Date: Friday, May 3rd, 2013
Time: 7:30 pm
Location: Stuart’s Opera House
In 1990, using the name Smog, the singer and songwriter Bill Callahan released his début album, “Sewn to the Sky.” It’s a discordant, inscrutable, and periodically frustrating collection of mostly instrumental, low-fidelity noise, and contains few hints of the lucid and tender folk music that he would be making almost thirty years later. In 1991, Callahan signed with Drag City, a Chicago-based independent record label that specializes in oddball rock and roll. He began collaborating with the producers Jim O’Rourke, who was later a member of Sonic Youth, and John McEntire, of the band Tortoise. His music became progressively more melodic, though it never stopped being deeply idiosyncratic. Callahan just turned fifty-three. His new double album, “Shepherd in a Sheepskin Vest,” is a powerful meditation on home and its comforts, a collection of stirring songs that suggest that family can be a kind of salvation.
Callahan has a still, heavy baritone that is somehow both entirely affectless and drenched with feeling. He is unhurried, both in conversation—if you ask him a question, he will answer slowly and deliberately, pausing as necessary to gather his thoughts—and in his songs, which make very good use of quiet. “I liked the minimal approach of having a song with just a few words,” Callahan told me recently, of his early work. He was influenced by blues singers such as John Lee Hooker, who frequently turned a brief, meaningless phrase into a driving rhythmic mantra, stripping the words of meaning. Like Hooker, Callahan often eschews the verse-chorus-verse structure. His songs advance gently, like a winding road.
Callahan can easily be slotted into a continuum of clever and morose songwriters such as Lou Reed, Leonard Cohen, Nick Drake, and Callahan’s Drag City colleague Will Oldham. But Callahan’s recent work is suffused with gratitude and even joy. In 2011, the filmmaker Hanly Banks started making the documentary “Apocalypse: A Bill Callahan Tour Film.” In 2014, Callahan and Banks married; they had a son and settled in Austin.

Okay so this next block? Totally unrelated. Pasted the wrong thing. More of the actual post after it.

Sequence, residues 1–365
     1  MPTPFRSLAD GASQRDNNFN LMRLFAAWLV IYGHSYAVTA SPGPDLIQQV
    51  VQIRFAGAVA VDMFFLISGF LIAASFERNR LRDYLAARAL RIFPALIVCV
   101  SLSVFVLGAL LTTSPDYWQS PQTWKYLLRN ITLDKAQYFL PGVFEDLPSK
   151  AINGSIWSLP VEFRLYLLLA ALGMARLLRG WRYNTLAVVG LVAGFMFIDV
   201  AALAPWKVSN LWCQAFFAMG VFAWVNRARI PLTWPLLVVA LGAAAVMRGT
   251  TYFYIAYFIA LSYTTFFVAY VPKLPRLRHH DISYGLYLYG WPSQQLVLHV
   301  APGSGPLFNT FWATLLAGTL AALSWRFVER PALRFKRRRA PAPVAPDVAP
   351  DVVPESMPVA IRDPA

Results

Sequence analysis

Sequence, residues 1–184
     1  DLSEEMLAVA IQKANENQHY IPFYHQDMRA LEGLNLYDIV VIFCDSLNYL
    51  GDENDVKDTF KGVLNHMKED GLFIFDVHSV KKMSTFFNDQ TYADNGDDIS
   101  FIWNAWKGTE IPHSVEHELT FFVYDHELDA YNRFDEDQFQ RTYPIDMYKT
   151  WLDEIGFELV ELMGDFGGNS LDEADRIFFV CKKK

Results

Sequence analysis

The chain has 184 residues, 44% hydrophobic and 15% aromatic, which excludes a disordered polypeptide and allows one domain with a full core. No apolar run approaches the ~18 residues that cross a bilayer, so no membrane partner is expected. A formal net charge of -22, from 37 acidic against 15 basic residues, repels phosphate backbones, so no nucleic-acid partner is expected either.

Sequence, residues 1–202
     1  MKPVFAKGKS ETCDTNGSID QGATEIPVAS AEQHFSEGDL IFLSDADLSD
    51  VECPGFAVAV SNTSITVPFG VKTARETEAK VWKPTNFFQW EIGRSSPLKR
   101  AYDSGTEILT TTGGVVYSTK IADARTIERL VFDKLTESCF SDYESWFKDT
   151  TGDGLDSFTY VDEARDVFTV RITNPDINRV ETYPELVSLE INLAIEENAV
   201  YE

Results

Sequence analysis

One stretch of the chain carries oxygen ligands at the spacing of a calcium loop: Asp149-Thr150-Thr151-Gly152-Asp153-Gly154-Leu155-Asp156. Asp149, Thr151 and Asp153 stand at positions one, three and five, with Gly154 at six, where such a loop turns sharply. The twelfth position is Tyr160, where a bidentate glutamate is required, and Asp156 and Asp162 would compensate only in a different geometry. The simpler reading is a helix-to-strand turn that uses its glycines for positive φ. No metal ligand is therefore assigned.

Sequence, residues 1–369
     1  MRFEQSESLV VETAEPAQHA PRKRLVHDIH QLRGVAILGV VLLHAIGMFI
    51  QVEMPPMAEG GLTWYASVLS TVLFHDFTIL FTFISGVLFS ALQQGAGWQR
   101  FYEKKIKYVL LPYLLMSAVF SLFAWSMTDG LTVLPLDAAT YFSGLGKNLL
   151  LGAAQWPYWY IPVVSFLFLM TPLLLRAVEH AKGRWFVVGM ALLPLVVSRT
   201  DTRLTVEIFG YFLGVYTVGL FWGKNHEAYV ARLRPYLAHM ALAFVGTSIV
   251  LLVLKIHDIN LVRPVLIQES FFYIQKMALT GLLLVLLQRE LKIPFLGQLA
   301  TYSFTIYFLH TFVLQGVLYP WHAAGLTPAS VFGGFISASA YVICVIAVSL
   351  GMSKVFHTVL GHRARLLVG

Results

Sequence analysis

“Dream River,” Callahan’s album from 2013, is a poignant reflection on what it feels like to finally meet the person you believe you’re meant to love forever. “I always went wrong in the same place / Where the river splits towards the sea / That couldn’t possibly be / You and me,” he sings on “Small Plane,” a spare and haunting song that almost trembles with emotion. Its refrain is adamant and humble: “I really am a lucky man.”
Musicians have long fretted over the notion that getting married, having children, or in any way embracing a more rooted life style will stifle their ability to make interesting art. It’s a presumption that seems at least partially born of a very silly sort of misogyny, yet you would nonetheless be hard put to list many canonical rock records about a happy family. By contrast, there are plenty about love gone wrong.
“Country singers might talk about their wives, but that’s about it,” Callahan joked. “At first, I wanted to just pretend like nothing had happened, and write about other stuff, but I wasn’t getting anywhere. I realized the songwriter had to be married and have a kid, too. That was the only way anything was going to get done.”
On the song “Writing,” Callahan tells about the curious haven of work: “It sure feels good to be writing again / And stuck in the high rapids / As night closes in.” Humming strings form a kind of cocoon around his voice. He sounds as if he’s been tucked into an extremely comfortable bed.